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Feb 18, 2019

Why I’m Afraid to Use a Financial Advisor

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Did you know that most people have a fear of working with a financial advisor? So says a recent survey conducted by the McAdams firm, in which nearly two-thirds of the 2,000 people surveyed reported some sense of fear or uncertainty around having to deal with a financial advisor or planner. Half were anxious about the amount of money they would have to pay for their services. Over a third of respondents were worried that talking with an advisor would only uncover bad news. For a significant portion, trust was a factor - feeling that they would be negatively judged for their financial history, being unsure their information was secure, or that any advice given wouldn’t be relevant to their individual situation.
 
Think you fit into one (or more) of these statistics? In a world where financial success and stability often seems to make your life go round, it’s easy to be at least a little hesitant to put that all into another’s hands. But do we really know what financial advisors do and the benefits working with them can have on our financial lives?
 
What do financial advisors do? Actually much more than you may be aware of. But to boil things down, these are a few of the most central responsibilities they have:

  • They keep you accountable. You’ve tried to save up for that dream vacation. You made the resolution that this would be the year you would really start putting money steadily into your child’s college fund. Somehow, that extra money you were going to portion out of your paycheck just seems to keep disappearing making it difficult to meet your goals. Sound familiar? Having a professional financial advisor is like that personal trainer who helps get you from couch to marathon (or maybe just a 10k) in a matter of months. They help you to define goals that are specific to you and, with their experience and expertise, help you avoid the common pitfalls that may have hindered you up to this point.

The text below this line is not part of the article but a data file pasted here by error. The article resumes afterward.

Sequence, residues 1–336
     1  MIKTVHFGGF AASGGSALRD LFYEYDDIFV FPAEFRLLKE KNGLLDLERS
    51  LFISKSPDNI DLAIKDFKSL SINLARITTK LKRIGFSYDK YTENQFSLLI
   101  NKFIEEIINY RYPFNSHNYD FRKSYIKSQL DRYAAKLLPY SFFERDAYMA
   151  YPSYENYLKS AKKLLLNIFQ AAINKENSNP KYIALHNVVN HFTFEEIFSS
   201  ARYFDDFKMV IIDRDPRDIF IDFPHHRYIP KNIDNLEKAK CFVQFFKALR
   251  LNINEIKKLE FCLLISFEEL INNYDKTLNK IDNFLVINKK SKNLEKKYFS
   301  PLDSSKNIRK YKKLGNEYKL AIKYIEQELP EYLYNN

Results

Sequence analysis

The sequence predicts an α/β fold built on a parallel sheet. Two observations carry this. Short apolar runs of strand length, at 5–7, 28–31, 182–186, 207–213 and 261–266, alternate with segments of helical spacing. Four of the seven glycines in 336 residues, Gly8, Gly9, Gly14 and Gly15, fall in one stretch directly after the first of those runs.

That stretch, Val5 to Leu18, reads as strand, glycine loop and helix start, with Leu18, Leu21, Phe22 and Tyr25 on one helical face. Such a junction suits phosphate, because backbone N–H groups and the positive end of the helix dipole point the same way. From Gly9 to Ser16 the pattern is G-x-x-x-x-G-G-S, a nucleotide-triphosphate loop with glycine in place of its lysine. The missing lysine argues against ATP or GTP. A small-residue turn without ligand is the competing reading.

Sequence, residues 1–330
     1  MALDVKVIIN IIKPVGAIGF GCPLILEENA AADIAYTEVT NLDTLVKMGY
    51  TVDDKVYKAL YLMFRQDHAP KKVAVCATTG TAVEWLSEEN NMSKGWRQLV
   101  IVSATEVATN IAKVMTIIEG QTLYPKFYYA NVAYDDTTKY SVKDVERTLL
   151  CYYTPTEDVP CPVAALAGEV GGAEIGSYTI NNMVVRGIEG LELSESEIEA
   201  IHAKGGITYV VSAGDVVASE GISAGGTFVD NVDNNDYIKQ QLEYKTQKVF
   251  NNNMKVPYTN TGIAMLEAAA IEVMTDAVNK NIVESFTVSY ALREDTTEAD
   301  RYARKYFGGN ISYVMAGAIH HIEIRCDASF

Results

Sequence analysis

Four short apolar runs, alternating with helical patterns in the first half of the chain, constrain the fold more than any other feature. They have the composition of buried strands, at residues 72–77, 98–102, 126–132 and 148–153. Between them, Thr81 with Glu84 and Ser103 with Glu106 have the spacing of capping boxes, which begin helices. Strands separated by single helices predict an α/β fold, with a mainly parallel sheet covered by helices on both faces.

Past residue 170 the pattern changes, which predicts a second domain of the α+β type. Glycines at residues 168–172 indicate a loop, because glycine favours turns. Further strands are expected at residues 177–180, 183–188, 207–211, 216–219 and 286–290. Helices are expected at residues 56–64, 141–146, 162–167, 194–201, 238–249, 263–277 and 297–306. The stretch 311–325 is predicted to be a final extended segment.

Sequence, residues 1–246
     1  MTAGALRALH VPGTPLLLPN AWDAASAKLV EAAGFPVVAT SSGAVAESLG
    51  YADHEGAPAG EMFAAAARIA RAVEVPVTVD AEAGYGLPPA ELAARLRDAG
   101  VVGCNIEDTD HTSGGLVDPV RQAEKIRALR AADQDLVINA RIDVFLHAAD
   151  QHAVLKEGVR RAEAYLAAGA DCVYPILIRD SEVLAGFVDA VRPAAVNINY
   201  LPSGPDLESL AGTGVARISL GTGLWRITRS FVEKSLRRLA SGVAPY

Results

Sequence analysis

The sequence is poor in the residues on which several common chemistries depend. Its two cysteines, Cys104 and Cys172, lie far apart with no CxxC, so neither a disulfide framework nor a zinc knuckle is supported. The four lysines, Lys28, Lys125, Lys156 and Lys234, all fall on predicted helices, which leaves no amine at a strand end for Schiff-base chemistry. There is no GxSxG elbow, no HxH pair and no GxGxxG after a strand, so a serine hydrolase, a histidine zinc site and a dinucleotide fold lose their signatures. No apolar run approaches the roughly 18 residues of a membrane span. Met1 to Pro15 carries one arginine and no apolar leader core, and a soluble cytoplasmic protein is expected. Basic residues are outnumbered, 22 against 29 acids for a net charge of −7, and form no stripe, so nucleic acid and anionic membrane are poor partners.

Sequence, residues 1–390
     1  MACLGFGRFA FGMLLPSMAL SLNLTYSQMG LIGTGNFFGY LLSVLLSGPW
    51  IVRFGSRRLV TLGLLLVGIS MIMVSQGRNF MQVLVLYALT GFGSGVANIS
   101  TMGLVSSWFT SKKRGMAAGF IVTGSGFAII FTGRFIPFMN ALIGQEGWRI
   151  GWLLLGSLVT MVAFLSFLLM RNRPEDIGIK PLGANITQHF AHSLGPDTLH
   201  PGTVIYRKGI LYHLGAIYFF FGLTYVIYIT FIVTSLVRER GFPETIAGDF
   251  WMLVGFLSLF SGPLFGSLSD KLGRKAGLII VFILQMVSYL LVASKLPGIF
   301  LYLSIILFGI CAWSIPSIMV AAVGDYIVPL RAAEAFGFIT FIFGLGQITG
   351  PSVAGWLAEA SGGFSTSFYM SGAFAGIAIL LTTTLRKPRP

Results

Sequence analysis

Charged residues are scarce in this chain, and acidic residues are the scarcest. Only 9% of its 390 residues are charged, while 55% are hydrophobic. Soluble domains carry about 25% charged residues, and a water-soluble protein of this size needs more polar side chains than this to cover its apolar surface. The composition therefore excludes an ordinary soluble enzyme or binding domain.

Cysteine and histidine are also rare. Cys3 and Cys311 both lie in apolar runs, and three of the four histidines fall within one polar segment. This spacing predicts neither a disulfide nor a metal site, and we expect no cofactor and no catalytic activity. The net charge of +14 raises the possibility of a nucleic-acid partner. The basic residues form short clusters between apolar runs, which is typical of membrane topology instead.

• They get you backstage access. Financial advisors have access to a myriad of tools, investment accounts and strategies that aren’t available to individual investors. Heard before that you should never put all your eggs in one basket? Having an expert in the field can help you diversify your assets even further with a strategy that’s tailored to your life stage and financial goals. And when the market seems poised to take a downturn or upswing, they can anticipate how it may affect you and quickly recalibrate your valuable investments to ensure a smoother ride. Equally as important, they are building on decades of experience (if not more) to help calm nerves and keep you on course toward your long-term goals.
  • They help you navigate life’s transitions. Whether it’s the loss of a job or a new career, a divorce or a new marriage, becoming a first-time parent or becoming an empty-nester, these are all major life moments that often have significant financial implications. Financial advisors can help alert you to the impacts of these events and interpret them in ways any person can understand so you can approach them confidently.

Aside from what they do, there's a number of additional benefits to working with an advisor: